While GMES does include a strong space component, with satellite-based remote sensing providing an important part of today’s environmental data, ground-based, air-based and ocean-based in situ monitoring systems are also included in the overall GMES concept. Importantly, a significant amount of effort under GMES is being made in the areas of co-ordination and integration of existing capacities.

The Report

The current Draft Final Report makes a number of concrete recommendations for moving GMES forward. Among them are:

  • Begin implementation of GMES priority services;
  • Establish an appropriate organisational and institutional framework for the initiative;
  • Develop a strategy regarding data policies;
  • Implement a European spatial data infrastructure;
  • Develop the required space and in situ observation networks;
  • Organise and fund relevant research and development activities;
  • Establish a strategy for effective international co-operation;
  • Ensure adequate levels of overall funding for the success of GMES.

While most of the speakers in Baveno expressed high appreciation for the work done in preparing the Draft Final Report, there were also many suggestions for further refinement and improvement. However, more than one participant pointed out the need for immediate action.

The European Commission’s Head of Unit for Aeronautics and Space Herbert von Bose said, “We can go on debating for a very long time indeed all of the things that we could add to the report, all of the changes we could make before we have the ‘perfect’ final version, but I would like to point something else out. Space activities, and GMES in particular, are now very high on the political agenda. We have the new White Paper on European Space Policy, recently presented by Mr Busquin, and we also have the new Growth Initiative, in which GMES is cited as a project for immediate initiation.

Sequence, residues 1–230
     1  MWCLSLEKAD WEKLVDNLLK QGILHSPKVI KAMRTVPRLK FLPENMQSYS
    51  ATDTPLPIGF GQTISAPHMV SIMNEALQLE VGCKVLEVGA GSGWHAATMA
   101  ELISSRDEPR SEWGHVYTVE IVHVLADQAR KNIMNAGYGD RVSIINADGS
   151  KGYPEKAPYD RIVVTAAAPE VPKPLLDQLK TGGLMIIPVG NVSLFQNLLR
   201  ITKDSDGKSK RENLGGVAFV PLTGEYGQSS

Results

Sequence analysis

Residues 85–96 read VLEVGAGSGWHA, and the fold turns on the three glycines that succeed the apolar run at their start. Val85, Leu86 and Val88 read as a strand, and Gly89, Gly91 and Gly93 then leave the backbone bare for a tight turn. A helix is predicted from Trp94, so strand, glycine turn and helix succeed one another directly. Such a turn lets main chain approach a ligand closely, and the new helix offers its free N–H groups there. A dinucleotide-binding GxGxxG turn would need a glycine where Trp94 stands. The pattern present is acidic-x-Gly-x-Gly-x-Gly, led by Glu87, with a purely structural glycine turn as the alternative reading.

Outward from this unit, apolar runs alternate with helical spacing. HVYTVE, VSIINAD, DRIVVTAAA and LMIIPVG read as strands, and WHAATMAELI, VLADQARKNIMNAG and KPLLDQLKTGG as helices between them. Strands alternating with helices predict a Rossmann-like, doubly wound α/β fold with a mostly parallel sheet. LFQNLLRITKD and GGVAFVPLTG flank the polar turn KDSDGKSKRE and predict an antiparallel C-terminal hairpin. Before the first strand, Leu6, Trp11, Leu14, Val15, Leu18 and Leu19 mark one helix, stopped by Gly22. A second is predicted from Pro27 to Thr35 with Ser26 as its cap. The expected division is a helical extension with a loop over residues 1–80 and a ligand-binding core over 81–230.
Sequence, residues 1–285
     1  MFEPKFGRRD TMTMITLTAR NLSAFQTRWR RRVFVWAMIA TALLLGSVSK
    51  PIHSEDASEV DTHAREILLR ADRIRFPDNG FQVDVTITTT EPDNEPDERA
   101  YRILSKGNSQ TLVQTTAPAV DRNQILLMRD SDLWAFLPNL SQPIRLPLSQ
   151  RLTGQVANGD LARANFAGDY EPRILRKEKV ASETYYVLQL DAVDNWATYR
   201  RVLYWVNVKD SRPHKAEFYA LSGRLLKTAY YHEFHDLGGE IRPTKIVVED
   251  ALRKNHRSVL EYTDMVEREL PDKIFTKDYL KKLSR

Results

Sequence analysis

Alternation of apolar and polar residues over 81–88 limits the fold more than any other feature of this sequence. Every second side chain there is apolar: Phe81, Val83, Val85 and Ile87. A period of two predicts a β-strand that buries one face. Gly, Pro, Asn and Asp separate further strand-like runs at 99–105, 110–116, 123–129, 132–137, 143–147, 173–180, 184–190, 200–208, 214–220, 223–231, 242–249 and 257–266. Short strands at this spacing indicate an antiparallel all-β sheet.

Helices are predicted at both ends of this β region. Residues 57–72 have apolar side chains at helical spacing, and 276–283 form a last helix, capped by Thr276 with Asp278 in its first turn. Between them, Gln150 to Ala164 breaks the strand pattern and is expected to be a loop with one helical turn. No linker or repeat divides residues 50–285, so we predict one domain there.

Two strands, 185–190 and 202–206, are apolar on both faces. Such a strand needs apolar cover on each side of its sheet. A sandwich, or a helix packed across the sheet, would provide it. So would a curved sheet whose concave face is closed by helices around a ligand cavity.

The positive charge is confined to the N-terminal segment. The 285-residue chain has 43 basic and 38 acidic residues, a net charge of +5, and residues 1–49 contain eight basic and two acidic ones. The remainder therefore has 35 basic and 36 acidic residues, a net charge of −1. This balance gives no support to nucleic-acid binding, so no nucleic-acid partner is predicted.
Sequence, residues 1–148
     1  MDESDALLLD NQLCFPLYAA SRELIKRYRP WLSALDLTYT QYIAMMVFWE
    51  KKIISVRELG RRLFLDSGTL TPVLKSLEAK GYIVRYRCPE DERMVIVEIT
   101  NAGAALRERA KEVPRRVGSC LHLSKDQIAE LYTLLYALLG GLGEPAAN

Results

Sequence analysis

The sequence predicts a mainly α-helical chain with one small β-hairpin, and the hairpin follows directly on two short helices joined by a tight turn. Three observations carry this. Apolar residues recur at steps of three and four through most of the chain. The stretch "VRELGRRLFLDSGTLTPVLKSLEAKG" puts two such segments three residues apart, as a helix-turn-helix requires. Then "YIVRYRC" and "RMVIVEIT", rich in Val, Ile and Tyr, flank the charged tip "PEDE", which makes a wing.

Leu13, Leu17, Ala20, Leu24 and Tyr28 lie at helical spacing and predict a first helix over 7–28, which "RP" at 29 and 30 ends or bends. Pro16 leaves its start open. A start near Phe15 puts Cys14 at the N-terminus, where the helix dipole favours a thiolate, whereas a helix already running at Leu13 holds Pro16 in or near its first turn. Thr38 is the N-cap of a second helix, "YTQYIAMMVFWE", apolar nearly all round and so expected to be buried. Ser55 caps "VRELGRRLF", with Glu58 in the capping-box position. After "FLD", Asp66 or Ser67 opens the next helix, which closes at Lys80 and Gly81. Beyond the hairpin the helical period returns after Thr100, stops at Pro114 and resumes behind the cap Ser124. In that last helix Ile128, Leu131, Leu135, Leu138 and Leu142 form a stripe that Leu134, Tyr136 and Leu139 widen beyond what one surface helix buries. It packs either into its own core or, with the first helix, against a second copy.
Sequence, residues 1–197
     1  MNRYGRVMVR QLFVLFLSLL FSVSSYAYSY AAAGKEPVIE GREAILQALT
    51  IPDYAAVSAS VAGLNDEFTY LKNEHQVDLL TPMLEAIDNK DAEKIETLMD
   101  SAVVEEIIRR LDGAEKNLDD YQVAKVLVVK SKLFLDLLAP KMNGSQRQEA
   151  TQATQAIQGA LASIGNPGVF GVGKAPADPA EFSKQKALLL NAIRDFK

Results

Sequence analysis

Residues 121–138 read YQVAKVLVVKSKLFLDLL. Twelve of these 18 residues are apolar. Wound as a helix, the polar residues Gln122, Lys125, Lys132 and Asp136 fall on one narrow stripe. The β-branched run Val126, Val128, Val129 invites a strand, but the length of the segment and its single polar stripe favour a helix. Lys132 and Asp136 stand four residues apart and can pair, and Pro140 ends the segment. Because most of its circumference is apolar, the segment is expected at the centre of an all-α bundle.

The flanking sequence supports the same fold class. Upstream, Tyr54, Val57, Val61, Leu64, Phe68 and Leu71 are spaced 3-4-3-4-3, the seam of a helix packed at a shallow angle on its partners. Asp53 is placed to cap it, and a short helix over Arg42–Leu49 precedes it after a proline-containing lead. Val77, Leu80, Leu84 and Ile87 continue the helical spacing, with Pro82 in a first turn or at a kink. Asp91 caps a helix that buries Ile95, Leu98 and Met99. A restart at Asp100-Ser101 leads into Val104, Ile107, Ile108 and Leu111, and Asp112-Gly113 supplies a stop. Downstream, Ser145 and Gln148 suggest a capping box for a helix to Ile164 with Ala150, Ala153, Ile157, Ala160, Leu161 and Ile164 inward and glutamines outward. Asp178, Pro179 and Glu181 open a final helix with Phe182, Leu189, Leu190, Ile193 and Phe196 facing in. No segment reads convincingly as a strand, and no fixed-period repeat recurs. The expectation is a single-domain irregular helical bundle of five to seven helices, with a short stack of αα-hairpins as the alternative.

“What this means is that GMES is now being watched by highly placed decision-makers, and what we all must realise is that there is a window open for us right now. But we also know that these windows open and close. If we wait too long, if we insist on discussing and debating the details for more weeks and months, we may find that the policy-makers have moved on when we finally come to them. This is a good basic document which we can already use to convince the people who need convincing.”

“The point is to get GMES off the ground now,” added Achache. “We can start by working on an initial number of services that we can put in place quickly, using existing monitoring technologies and infrastructure. Once people can see that it works and that it is a valuable programme, we will have secured political support and we can continue to work on perfecting and expanding services and infrastructure.”